Hitachi Energy, the Switzerland-based leading technology and power grid company, has reportedly won a significant order from renowned Danish renewable energy firm, Ørsted, to deliver two high-voltage direct current (HVDC) systems to transfer green energy from the Hornsea 3 wind farm, which is situated over 120 kilometers off the east coast of the United Kingdom.
The wind farm will generate over 2.85 gigawatts (GW) of renewable energy, enough to power over three million UK homes. This will be the biggest offshore wind farm in the world, with over 200 wind turbines installed over 700 square kilometers. This plan is an important step toward the British Energy Security Strategy's aim of getting up to 50GW of offshore wind power by 2030.
Hitachi Energy facilitated Ørsted with the power grid connection of Hornsea 1 and Hornsea 2, while Hornsea 3 would be the first phase to deploy the HVDC system in the Hornsea network.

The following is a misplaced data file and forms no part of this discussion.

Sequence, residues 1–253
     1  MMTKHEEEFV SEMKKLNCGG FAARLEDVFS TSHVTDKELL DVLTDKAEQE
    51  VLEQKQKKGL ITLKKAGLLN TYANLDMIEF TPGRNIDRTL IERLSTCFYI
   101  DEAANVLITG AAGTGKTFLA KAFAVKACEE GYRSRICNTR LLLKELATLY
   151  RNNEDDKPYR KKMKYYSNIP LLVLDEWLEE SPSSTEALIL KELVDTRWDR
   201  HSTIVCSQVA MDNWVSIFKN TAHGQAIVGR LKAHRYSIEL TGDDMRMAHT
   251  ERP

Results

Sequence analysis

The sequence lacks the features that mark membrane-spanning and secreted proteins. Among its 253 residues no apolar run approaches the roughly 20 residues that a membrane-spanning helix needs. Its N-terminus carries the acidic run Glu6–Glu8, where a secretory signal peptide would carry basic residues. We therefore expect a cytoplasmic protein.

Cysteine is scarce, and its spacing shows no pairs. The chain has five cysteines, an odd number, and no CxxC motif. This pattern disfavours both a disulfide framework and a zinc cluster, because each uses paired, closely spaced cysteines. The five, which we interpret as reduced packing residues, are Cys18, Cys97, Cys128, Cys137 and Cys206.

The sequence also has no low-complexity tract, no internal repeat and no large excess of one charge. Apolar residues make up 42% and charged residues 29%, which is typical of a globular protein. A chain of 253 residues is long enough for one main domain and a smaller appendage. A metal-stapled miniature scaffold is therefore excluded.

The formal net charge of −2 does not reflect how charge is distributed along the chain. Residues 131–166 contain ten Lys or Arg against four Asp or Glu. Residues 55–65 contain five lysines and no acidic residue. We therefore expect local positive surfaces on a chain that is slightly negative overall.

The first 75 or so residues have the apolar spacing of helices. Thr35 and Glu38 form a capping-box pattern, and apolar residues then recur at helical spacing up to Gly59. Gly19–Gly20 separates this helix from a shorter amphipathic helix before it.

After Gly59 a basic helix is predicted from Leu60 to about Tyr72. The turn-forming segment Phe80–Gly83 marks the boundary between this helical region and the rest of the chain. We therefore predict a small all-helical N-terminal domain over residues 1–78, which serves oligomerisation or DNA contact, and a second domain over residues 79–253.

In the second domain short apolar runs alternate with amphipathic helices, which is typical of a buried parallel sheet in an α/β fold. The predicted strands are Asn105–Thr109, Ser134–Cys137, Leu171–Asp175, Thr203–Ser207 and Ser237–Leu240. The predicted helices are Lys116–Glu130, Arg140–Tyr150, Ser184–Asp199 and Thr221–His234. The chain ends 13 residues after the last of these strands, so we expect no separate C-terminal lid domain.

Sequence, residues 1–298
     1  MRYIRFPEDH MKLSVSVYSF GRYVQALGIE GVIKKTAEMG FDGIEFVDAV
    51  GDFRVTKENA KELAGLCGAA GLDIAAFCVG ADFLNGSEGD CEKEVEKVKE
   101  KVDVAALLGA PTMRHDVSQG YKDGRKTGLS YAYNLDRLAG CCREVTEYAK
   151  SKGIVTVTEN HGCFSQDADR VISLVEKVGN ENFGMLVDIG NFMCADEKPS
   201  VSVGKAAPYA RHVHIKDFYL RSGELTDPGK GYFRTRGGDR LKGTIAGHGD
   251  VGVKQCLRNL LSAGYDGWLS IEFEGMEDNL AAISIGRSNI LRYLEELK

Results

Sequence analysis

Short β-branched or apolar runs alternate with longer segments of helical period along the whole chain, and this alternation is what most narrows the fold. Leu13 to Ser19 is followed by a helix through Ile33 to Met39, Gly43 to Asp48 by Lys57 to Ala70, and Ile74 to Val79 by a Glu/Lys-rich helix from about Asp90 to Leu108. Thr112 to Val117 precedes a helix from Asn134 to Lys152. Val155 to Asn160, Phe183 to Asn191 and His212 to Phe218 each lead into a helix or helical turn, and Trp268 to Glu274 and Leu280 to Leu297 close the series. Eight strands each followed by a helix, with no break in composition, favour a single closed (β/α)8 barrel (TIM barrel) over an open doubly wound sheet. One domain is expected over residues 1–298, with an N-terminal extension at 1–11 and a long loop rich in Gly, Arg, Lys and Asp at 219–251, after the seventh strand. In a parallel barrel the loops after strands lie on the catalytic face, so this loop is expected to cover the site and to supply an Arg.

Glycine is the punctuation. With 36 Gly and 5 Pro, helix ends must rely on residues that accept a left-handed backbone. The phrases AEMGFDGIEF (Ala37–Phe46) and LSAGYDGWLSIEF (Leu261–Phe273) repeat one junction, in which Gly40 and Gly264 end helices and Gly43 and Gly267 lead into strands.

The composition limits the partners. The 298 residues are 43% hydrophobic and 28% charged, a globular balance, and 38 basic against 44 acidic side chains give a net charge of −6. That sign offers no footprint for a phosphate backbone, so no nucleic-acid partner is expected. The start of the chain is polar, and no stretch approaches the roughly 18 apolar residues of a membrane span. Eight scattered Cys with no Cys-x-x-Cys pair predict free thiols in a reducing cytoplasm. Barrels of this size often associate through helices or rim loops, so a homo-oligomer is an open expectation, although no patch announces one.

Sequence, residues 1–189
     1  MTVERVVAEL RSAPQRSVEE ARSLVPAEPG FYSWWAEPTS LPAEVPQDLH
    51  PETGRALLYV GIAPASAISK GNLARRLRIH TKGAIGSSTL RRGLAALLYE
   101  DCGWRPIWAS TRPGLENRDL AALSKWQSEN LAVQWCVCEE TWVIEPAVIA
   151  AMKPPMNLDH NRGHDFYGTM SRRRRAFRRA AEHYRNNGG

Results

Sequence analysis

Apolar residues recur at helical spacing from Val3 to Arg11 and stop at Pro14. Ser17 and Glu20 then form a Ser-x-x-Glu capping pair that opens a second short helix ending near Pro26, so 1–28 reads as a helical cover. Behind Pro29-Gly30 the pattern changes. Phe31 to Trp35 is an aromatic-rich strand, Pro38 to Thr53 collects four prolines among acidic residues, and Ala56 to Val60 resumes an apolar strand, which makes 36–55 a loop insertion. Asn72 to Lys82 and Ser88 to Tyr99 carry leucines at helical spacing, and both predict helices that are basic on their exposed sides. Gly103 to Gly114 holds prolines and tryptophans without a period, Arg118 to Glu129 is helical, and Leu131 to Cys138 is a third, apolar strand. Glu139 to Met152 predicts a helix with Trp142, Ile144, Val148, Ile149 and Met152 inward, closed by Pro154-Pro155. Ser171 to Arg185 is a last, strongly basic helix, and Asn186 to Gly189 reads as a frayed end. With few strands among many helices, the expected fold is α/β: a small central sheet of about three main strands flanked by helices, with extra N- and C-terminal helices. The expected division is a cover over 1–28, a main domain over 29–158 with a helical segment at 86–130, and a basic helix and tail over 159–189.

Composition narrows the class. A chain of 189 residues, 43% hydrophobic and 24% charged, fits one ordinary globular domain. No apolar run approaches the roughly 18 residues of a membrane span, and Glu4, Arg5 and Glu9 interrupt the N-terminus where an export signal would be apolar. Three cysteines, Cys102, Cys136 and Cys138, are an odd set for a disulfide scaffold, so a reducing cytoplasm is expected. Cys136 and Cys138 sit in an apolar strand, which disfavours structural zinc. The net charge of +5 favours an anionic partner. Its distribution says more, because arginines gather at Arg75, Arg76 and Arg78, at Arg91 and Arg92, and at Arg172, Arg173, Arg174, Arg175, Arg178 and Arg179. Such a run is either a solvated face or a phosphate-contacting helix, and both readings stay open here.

The entire HVDC system, along with the offshore platform, will be delivered in collaboration with the Norwegian oil, gas, and offshore wind company, Aibel.
Aibel will provide two HVDC offshore converter platforms, while Hitachi Energy will provide two HVDC Light converter systems.
The platform is built on Hitachi Energy's modular HVDC technology, which includes MACH, an advanced control and protection system. Hitachi Energy will keep working on developing solutions with its partners and customers to develop new solutions as the HVDC offshore market expands and grows more complex to support a future offshore grid that is more adaptable.
Ørsted envisions a world that runs solely on green power and with the Hornsea projects in line, they are a step closer to achieving this goal in the UK.
Patrick Harnett, Vice President Program UK, Ørsted, stated that together with Hitachi Energy, the firm is proving the critical role that renewable energy sources like offshore wind play in the global sustainability movement.
Hornsea 3 will create thousands of high-quality employment opportunities and investments worth billions of pounds in the offshore wind supply chain in the UK and beyond in addition to offering low-cost, green power to millions of UK homes.